Only later generations will have to cover for that, the health costs, that will come as a result of draconian welfare reforms, of unjust, harsh working conditions and the like.

        http://thinkprogress.org/economy/2013/08/30/2555601/living-poverty-effect-brain-constantly-pulling-nighters/

        http://www.sciencemag.org/content/341/6149/976

        It is time the Australasian Faculty of Occupational and Environmental Medicine (AFOEM) and Royal Australasian College of Physicians, same as local NZ science institutions accept and acknowledge this, not the crap of some NAZI like Principal Health Advisor Dr David Bratt, working for MSD and WINZ, or Mansel Aylward, present us, that “worklessness” is the problem.

        It is inequality and poverty that do the damage, and work may be good for some, may be ok for others, but it is rather a healthy, balanced, fair and decent life and society that delivers the best health outcomes, independent from paid work, voluntary work or anything else so conditional as this present NZ government wants to indoctrinate us with.

        Where are the “Down Under” scientists opening up for real, fact based, balanced and fair science? Or are they all on the payroll of UNUM and the likes?

        http://nzsocialjusticeblog2013.wordpress.com/2013/09/02/medical-and-work-capability-assessments-based-on-the-controversial-bio-psycho-social-model/

        http://accforum.org/forums/index.php?/topic/15188-medical-and-work-capability-assessments-based-on-the-bps-model-aimed-at-disentiteling-affected-from-welfare-benefits-and-acc-compo/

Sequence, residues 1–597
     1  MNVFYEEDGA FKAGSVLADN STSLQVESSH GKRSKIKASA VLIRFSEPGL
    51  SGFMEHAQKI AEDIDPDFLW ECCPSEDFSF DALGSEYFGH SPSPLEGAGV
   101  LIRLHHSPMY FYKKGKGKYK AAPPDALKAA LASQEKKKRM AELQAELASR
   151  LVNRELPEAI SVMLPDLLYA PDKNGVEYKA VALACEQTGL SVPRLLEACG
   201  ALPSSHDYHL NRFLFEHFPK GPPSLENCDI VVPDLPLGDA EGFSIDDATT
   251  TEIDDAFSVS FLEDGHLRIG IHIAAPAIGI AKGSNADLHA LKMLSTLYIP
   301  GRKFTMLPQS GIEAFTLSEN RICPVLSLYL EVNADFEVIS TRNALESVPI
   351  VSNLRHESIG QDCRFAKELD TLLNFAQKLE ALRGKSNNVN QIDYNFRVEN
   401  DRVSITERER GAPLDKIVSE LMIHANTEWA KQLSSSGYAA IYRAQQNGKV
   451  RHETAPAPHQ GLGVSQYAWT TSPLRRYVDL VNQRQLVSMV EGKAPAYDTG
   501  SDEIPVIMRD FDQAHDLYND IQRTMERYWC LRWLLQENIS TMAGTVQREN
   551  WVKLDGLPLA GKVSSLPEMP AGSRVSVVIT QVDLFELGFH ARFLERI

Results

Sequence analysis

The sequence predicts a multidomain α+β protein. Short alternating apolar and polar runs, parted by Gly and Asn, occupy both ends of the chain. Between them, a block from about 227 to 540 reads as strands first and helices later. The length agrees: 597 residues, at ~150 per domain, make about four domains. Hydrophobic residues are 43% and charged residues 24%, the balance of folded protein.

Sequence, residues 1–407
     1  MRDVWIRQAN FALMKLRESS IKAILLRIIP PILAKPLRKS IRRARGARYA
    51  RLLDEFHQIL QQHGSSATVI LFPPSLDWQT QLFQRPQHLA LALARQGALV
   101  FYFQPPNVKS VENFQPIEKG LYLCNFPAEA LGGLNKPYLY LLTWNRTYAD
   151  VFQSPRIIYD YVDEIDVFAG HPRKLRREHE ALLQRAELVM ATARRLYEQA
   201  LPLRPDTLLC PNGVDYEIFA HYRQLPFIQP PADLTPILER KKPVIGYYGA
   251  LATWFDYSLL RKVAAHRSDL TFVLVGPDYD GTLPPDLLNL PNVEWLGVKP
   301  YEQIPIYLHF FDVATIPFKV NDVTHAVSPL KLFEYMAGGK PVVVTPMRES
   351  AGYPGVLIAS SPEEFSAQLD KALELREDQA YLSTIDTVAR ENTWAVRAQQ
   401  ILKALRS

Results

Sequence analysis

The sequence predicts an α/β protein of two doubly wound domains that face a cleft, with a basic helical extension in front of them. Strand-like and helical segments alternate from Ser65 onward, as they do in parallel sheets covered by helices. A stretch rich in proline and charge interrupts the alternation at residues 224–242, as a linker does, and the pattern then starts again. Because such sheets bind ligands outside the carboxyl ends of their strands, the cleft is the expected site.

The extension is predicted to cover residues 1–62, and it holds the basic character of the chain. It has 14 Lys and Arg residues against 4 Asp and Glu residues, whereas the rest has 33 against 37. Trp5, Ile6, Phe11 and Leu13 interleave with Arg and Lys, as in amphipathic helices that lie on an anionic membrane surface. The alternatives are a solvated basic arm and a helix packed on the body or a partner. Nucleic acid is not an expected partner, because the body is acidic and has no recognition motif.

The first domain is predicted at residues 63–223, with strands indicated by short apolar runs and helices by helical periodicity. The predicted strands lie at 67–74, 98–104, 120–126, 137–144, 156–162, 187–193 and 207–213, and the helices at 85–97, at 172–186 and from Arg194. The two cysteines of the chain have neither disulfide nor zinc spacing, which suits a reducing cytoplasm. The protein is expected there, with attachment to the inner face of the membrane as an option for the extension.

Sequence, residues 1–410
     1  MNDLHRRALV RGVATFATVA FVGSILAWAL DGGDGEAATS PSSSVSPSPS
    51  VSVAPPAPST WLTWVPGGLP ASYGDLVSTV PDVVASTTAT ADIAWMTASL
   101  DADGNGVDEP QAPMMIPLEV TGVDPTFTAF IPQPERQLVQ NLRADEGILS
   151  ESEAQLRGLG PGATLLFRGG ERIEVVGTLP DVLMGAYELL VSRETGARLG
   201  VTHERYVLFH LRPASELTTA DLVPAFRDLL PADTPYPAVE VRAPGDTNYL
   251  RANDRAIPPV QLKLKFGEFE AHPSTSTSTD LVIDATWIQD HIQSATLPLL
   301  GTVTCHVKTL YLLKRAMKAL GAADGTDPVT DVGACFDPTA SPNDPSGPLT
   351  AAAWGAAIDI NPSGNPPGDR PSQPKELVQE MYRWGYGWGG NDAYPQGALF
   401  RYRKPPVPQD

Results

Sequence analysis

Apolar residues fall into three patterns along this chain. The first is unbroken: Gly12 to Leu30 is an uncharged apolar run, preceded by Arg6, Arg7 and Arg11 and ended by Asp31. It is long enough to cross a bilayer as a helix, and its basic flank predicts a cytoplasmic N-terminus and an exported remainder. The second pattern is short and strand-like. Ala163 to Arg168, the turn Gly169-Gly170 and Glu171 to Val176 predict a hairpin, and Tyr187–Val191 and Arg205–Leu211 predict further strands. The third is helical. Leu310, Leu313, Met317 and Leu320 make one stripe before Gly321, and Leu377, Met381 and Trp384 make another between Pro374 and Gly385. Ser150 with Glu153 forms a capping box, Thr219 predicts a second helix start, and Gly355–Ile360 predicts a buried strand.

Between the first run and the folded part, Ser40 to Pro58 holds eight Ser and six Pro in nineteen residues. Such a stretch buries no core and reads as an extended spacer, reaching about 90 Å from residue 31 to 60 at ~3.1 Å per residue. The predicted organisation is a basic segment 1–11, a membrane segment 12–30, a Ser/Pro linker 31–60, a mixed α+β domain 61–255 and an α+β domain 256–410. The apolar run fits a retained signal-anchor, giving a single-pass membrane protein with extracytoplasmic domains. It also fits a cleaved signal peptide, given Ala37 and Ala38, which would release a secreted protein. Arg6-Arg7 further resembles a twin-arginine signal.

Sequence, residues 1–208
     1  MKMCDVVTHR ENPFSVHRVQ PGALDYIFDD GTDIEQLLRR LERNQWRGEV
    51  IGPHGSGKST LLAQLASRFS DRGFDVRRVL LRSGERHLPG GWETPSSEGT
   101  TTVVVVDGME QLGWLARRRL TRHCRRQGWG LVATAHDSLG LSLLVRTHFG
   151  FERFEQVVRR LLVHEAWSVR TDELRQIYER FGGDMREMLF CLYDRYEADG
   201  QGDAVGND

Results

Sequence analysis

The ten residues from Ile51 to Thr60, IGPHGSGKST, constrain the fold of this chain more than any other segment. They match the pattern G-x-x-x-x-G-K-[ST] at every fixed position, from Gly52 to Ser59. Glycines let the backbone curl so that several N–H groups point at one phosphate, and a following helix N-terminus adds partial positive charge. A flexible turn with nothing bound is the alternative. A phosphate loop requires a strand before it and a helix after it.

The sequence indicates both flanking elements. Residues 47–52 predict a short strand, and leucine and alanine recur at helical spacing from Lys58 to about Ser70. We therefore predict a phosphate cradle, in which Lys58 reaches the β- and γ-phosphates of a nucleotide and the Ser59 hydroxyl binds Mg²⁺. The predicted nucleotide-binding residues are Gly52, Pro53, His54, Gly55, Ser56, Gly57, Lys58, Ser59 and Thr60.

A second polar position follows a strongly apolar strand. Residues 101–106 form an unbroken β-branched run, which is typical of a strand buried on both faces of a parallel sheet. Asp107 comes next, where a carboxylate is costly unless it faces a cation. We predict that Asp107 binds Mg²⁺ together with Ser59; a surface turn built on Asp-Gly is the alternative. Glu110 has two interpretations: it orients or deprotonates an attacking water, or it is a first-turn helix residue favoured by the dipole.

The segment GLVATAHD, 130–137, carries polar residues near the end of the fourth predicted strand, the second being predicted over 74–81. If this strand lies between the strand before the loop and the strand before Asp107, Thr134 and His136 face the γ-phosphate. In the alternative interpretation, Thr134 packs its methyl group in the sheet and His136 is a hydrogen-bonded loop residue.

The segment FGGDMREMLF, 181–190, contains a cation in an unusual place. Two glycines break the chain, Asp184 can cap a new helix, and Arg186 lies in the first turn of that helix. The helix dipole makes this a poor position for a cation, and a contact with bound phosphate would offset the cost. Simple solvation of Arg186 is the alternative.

P.S.: Don’t know why this ended up under Draco’s comment, but I may have clicked the wrong template or what. Anyway, it is not so much about what Draco mentioned, but I hope it makes sense. Good night all!

        • Johnm 1.4.1.1

          Xtasy
          If you beat a person with the stick of poverty and hopelessness long enough and the inequality of contempt and powerlessness most may never get up again and indeed an underclass of the hopeless is truly created. Then continue demonising them through the media and idiot bigot jocks like Laws on Radio Live and you get a fascist circus of wretchedness of spirit both with the haves and the havenots. Also a predator class of get rich by capital gain landlords feeds off the poor and their meagre welfare benefits by supplying run down accommodation which is damp and mouldy and cold enter illness and depression. Then the hospital visits and incapacity, and the draconian response and homelessness and begging and deaths from exposure.

          A society that advances in a unified way without destructive inequality is the pattern for success where parasitical elements who prey on their fellow citizens are controlled.

  2. gem 2